Also, on that $225K house, the down payment required (at 3.5%) would be $7,875.00 - more than our $5,000 budget for down payment AND closing costs!

So a $225,000 house was out.
"The Experts" say that your monthly debt obligations (mortgage, credit card payments, car payments, and other loan payments) should not exceed 35% of your monthly take-home pay.  Our take-home pay per month is approximately $4,500.00, giving us $1,575.00 for all debt obligations.  Minus car payments, we have about $800.00 for a house payment.

An $800.00 per month house payment will buy us a $170,000 house.  That same house would also put our 3.5% down payment at $5,950.00, which is more than budgeted.  Frankly though, we could swing it and make it happen pretty easily.


The Big Guy and I had no desire to purchase a home that was at the top of our budget unless it was absolutely necessary.  We were willing to buy a house that needed some (if not quite a bit) of TLC :-), which puts the price of the houses we decided to look at much lower than our maximum budget.

Here is what you need to consider when deciding how much to spend:

1) How much money to do we have available for a down payment and closing costs?
2) Using the 35% rule, how much house payment per month can we afford?
3) MOST IMPORTANT - how much do you feel comfortable spending?  If any of the above amounts seem too high, it is ok to go lower :-)
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Are we financially prepared to buy a home?


I think buying a home is somewhat similar to having a are never really prepared.  Generally when preparing to buy a home, you need several things:

A 20% down payment (there are exceptions to this).
Money for closing and moving costs.
A credit score that will allow you to take out a mortgage.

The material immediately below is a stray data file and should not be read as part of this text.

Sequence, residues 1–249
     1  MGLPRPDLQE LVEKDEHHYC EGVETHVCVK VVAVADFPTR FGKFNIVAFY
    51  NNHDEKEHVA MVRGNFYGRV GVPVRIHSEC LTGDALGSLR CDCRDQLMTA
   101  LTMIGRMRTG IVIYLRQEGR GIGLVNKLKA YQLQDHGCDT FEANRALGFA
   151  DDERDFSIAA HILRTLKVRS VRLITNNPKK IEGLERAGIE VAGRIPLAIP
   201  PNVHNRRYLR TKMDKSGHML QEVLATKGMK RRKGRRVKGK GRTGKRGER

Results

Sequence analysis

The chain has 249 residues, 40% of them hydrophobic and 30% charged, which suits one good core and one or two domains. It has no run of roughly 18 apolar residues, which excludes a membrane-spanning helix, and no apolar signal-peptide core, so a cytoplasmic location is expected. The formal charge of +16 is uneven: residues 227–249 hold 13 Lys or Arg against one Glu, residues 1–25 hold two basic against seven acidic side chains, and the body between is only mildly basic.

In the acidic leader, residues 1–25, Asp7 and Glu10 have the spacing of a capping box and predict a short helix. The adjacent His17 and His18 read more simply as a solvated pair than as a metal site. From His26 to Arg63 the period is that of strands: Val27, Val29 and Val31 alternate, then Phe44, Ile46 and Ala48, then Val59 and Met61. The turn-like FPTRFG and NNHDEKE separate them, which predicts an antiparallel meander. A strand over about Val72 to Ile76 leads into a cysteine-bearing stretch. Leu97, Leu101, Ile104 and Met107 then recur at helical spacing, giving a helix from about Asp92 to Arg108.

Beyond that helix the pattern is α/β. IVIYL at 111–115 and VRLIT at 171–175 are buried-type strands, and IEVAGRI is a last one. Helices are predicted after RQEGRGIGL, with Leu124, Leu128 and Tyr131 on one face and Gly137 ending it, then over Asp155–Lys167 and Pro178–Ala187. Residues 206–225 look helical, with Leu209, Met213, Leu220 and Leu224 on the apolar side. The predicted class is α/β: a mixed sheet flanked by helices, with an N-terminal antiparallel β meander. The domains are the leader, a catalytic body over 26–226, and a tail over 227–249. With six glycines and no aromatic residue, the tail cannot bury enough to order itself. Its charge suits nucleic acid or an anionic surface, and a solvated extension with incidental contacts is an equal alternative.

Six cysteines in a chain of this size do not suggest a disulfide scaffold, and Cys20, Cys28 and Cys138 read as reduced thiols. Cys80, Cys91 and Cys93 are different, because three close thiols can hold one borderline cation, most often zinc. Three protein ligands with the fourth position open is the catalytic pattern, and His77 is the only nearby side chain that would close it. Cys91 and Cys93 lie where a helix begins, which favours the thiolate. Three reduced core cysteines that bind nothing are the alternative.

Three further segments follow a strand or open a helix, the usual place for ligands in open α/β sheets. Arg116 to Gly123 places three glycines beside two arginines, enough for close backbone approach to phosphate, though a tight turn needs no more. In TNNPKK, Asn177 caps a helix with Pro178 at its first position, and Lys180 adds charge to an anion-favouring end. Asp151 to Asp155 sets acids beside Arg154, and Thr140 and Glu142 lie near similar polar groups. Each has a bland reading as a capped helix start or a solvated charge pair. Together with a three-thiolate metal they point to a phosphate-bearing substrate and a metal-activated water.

Down Payment
First, the 20% down payment.  Kind of daunting, right?  When purchasing a $150,000 home, the down payment would work out to $30,000.  Wow, that's a lot of dough!  Typically lenders require a 20% down payment, but there are exceptions to this such as FHA Mortgages and other specialized zero or low down payment mortgage programs.  A traditional mortgage requires the 20% down payment, but your credit score must be up to snuff (see the credit score explanation below), and the lenders are more picky about the condition of the house.

With an FHA mortgage, the route that we chose to go, the lender only requires a 3.5% down payment.  If purchasing  a $150,000 house, the down payment would only be $5,250, a difference of $24,750 from a traditional mortgage!!  There are, however, downsides to an FHA loan.  The main one that I was concerned with was Private Mortgage Insurance, or PMI.  Lenders require this on any loan with a down payment of less than 20%, and since you pay it each month, the costs can really add up over the life of a mortgage

Just for kicks, I used Good's PMI calculator to show how the cost of PMI adds up over the life of a loan!  I plugged in variables for a $150,000 home, with down payment amount of 3.5%.  The PMI worked out to:

$138.75 per month
$1,665.00 per year!
$49,950.00 over a 30 year loan!!!!!
Good Mortgage PMI Calculator
Seriously, what could you do with an extra $1,600 per year?????  That's like a vacation!

In spite of the PMI, we decided to go with an FHA mortgage because we wanted the extra cash for repairing the house, the purchase price was so stinking low, because an FHA lender is less strict about the condition of the house, and because we will have this house paid off in 7 years, cutting $38,295.00 off of the PMI cost!  Score One for the Retired by 40 family!

Closing & Moving Costs
A lot of people overlook closing costs when figuring the cost of buying a home, but the reality is that they can be quite significant.  Most of the time, closing costs run 3-5% of the purchase price of the home.  For example, in our $150,000 home purchase scenario:

3% - $4,500
4% - $6,000
5% - $7,500

To me, that is a lot of money on top of the down payment and the costs still to come!

Moving costs are also significant, but depending upon the move, can be cut down drastically.  A cross-country move can cost a couple thousand dollars up to ten thousand, but choosing how you move can put you on the lower or higher end of the spectrum.

If you are only moving down the block or within a couple hours of your current home, moving costs can be even less!  In our case, we were moving an hour away, so The Big Guy rallied all of his friends with trucks and trailers, we paid for gas and fed them lunch, and they were happy.  The entire move cost us about $400!  Plus, his friends like to hustle, so we were completely moved into the new house in 4 hours!  Can you believe that?